Champions of agile marketing

how agile are you?

If I could pick one word to define the future of marketing, it would be agility.

All the shifts in technology, media, channels, connections, and culture we’re experiencing have combined to accelerate the clockspeed of marketing.

How rapidly can new ideas be tested? How quickly can successes be scaled? How swiftly can failures be caught and re-imagined? How close to instantaneous can reaction time be when opportunities or threats arise in the viral, global fabric of social media? How deftly can a campaign, a program, a product, or an entire company pivot?

These are the questions that every marketer must ask. The answers measure agility.

While technology can help, achieving agility ultimately requires adjustments in the “operating system” of marketing management to better encourage, enable, and harness networked speed. Organizations must adapt their structures, processes, and incentives to execute at this new operational tempo.

To make this transition, marketers should look beyond lowercase-a agile — an admirable adjective — to uppercase-a Agile, a noun that defines a management methodology. Based on the agile software development, an Agile Marketing Methodology is emerging to give marketers a systematic way of running at high-speed without chaos. (Back in March, I posted some ideas for an Agile Marketing Manifesto to capture the spirit of this movement.)

Agile Marketing Methodology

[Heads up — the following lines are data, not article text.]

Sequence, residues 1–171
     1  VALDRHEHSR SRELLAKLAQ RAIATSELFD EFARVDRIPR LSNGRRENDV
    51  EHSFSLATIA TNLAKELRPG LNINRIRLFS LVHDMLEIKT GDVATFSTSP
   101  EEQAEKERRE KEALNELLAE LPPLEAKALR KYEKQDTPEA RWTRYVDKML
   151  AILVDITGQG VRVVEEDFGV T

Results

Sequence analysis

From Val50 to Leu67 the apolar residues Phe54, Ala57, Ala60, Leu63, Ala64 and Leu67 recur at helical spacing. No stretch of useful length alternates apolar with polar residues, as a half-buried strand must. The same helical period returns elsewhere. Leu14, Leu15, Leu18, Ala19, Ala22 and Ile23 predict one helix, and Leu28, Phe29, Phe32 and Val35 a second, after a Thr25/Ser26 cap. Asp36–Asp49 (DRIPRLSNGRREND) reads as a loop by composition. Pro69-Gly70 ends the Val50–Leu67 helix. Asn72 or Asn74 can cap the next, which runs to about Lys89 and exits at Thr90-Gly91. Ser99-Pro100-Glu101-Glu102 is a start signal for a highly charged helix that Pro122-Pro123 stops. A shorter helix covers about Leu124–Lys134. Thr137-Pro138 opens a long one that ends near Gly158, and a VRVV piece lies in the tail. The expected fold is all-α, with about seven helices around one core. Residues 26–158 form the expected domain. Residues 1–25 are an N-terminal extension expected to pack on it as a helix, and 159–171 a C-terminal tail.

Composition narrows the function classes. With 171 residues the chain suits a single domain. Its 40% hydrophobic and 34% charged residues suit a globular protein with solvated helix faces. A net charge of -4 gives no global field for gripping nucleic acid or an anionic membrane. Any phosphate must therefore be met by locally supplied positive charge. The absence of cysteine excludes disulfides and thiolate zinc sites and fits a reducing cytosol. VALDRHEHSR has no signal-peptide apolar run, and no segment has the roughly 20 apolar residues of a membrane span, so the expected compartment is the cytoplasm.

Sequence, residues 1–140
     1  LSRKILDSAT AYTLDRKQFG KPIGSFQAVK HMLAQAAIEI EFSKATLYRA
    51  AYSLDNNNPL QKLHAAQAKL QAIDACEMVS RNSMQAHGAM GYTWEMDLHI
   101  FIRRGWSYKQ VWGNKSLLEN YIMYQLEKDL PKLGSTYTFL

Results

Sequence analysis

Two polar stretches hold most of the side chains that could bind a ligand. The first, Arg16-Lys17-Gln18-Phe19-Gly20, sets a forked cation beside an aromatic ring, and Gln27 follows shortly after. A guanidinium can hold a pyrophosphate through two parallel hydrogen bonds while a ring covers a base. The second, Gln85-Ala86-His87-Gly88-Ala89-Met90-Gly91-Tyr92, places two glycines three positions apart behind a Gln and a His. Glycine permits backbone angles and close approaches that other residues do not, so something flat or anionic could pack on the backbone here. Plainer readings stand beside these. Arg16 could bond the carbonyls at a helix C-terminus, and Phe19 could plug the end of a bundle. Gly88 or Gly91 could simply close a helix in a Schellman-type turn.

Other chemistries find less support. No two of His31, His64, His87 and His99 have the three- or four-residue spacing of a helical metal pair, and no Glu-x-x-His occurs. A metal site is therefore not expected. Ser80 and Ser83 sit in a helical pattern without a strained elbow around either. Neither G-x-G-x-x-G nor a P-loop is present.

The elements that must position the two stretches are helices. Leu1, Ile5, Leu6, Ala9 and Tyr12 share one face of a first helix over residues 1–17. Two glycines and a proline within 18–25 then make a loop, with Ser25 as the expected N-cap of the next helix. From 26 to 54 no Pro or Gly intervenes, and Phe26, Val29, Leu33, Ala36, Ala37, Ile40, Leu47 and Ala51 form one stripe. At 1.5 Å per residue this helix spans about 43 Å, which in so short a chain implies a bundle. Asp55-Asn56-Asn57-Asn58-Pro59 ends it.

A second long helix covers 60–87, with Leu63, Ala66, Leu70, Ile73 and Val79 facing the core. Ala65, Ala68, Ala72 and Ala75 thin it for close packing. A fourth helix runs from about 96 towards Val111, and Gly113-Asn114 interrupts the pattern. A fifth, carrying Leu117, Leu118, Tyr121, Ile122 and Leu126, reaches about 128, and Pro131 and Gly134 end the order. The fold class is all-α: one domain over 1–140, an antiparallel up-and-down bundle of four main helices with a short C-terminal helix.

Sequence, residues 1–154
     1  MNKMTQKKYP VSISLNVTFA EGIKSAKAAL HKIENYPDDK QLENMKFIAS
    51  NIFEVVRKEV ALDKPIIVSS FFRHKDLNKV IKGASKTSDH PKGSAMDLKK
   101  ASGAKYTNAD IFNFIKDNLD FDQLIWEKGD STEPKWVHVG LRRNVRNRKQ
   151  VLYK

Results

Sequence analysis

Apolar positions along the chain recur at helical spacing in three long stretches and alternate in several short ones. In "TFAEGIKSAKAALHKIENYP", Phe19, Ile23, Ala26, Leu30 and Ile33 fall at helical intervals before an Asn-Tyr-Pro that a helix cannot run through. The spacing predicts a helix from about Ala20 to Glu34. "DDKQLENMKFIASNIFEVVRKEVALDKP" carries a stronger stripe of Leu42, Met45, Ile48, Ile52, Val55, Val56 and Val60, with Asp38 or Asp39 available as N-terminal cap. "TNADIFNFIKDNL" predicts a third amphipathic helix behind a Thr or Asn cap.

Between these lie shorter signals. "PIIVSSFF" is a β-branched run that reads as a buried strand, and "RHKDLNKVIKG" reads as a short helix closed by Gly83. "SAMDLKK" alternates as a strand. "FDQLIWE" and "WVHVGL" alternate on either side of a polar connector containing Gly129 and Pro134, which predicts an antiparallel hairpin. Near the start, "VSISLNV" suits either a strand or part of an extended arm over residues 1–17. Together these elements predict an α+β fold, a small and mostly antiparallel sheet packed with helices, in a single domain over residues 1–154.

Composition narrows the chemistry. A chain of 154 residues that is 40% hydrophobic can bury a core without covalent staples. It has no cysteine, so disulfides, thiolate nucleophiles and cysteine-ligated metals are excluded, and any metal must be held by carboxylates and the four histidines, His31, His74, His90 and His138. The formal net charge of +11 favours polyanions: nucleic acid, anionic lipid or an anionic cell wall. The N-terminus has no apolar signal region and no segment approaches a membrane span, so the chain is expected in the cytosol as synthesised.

Of course, as a new methodology, there’s precious few examples of Agile Marketing in the wild. IDC’s CMO Advisory Service produced an Agile Marketing Principles and Practices report earlier this year that did a great job of introducing the concept (along with a great accompanying blog post by one of the authors). Their report also included three vignettes of early adopters of Agile Marketing at Novell, HubSpot, and Webtrends.

One of those early adopters was Frank Days, Director of New and Social Media at Novell, who also runs the Marketing Agility blog with some terrific reflections on his experience in championing the blossoming discipline of Agile Marketing.

Now, in collaboration with John Cass of Pace Communications (and author of the excellent PR Communications blog), Frank has launched a new Marketing Agility podcast series. The first four episodes have been posted. The first two are John and Frank introducing themselves and the concepts of agile marketing. The third includes an interview with Jascha Kaykas-Wolff, who was the VP of marketing leading Agile adoption at Webtrends in the IDC report mentioned above.

The fourth episode is an interview with yours truly, covering topics such as the impact of agile marketing in conversion optimization and the importance of having embedded marketing technologists in the loop.

The Marketing Agility podcast is off to a great start, and it promises to be a good source of real-world discussions around the adoption and evolution of Agile Marketing. If you’re one of those marketers asking questions that begin with “how quickly can we…?”, then this podcast is for you.

Comments

  1. Thanks for sharing this! Agile methodologies work great with almost any type of work out there. Marketing certainly can use it for good.

  2. Hi Scott, thanks so much for your interview on the agile marketing podcast, and your post here. Great to chat, and hear your perspective from the optimization industry.

  3. Scott,
    It’s always risky to pitch your own stuff in someone’s blog, lest it look like shameless self-promotion. Well, I guess that’s what it is, but hear me out… :-)
    Furthermore, my “street cred” with you is limited to the fact that I’m a longtime reader/first-time commenter and I tweeted our your 131 diff’t kinds of mktg post (and you responded: http://twitter.com/#!/chiefmartec/statuses/15180264791605248
    Now, all of that is to say that I wanted to share something with you and, if you are interested, collaborate.